Simple Plans or Sophisticated Habits? State, Transition and Learning Interactions in the Two-Step Task

PLoS Comput Biol. 2015 Dec 11;11(12):e1004648. doi: 10.1371/journal.pcbi.1004648. eCollection 2015 Dec.


The recently developed 'two-step' behavioural task promises to differentiate model-based from model-free reinforcement learning, while generating neurophysiologically-friendly decision datasets with parametric variation of decision variables. These desirable features have prompted its widespread adoption. Here, we analyse the interactions between a range of different strategies and the structure of transitions and outcomes in order to examine constraints on what can be learned from behavioural performance. The task involves a trade-off between the need for stochasticity, to allow strategies to be discriminated, and a need for determinism, so that it is worth subjects' investment of effort to exploit the contingencies optimally. We show through simulation that under certain conditions model-free strategies can masquerade as being model-based. We first show that seemingly innocuous modifications to the task structure can induce correlations between action values at the start of the trial and the subsequent trial events in such a way that analysis based on comparing successive trials can lead to erroneous conclusions. We confirm the power of a suggested correction to the analysis that can alleviate this problem. We then consider model-free reinforcement learning strategies that exploit correlations between where rewards are obtained and which actions have high expected value. These generate behaviour that appears model-based under these, and also more sophisticated, analyses. Exploiting the full potential of the two-step task as a tool for behavioural neuroscience requires an understanding of these issues.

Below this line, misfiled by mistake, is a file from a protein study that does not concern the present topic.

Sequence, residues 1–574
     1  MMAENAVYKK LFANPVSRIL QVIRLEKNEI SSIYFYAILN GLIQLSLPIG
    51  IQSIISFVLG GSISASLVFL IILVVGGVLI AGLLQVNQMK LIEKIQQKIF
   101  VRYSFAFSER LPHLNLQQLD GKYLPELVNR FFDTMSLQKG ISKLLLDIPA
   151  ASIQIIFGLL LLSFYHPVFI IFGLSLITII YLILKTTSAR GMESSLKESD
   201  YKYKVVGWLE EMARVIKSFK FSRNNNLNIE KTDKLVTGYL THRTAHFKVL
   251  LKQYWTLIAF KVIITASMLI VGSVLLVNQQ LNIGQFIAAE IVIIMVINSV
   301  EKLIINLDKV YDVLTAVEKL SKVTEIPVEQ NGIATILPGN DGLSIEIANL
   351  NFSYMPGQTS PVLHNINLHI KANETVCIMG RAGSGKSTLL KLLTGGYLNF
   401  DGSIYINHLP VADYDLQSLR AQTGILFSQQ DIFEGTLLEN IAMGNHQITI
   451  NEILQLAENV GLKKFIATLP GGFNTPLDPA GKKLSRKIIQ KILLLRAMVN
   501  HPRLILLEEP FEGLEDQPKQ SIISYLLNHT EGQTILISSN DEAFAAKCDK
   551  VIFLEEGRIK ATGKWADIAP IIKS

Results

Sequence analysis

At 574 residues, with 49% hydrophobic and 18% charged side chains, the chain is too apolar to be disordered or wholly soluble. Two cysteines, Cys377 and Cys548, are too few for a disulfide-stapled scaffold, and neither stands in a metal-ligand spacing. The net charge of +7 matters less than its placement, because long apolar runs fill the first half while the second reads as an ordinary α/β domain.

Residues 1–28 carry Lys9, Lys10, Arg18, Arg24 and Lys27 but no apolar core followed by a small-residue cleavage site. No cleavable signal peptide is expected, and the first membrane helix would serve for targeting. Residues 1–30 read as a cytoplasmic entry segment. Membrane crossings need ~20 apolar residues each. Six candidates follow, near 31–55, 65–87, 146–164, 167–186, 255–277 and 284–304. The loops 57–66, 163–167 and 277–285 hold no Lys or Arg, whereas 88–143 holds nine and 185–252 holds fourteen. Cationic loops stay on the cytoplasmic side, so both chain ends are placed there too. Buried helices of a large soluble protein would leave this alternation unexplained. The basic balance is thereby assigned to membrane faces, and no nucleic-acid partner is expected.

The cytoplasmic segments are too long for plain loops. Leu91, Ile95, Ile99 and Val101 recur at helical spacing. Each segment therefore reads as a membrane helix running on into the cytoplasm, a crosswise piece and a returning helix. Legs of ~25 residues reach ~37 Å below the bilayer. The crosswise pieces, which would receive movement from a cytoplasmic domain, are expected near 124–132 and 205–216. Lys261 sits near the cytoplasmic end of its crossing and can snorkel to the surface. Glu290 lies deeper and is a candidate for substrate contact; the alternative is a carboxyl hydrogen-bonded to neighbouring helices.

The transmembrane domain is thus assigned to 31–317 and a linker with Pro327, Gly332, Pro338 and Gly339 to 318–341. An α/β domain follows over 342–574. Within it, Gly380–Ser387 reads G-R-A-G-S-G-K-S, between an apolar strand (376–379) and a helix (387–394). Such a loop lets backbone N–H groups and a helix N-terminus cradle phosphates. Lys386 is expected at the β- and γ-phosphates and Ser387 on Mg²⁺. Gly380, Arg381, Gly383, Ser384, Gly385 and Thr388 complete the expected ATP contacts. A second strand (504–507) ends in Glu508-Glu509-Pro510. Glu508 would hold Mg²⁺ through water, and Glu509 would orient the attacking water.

Publication types

  • Research Support, Non-U.S. Gov't

MeSH terms

  • Choice Behavior / physiology*
  • Computer Simulation
  • Habits*
  • Humans
  • Models, Neurological*
  • Models, Statistical*
  • Reinforcement, Psychology*
  • Reversal Learning / physiology*
  • Task Performance and Analysis*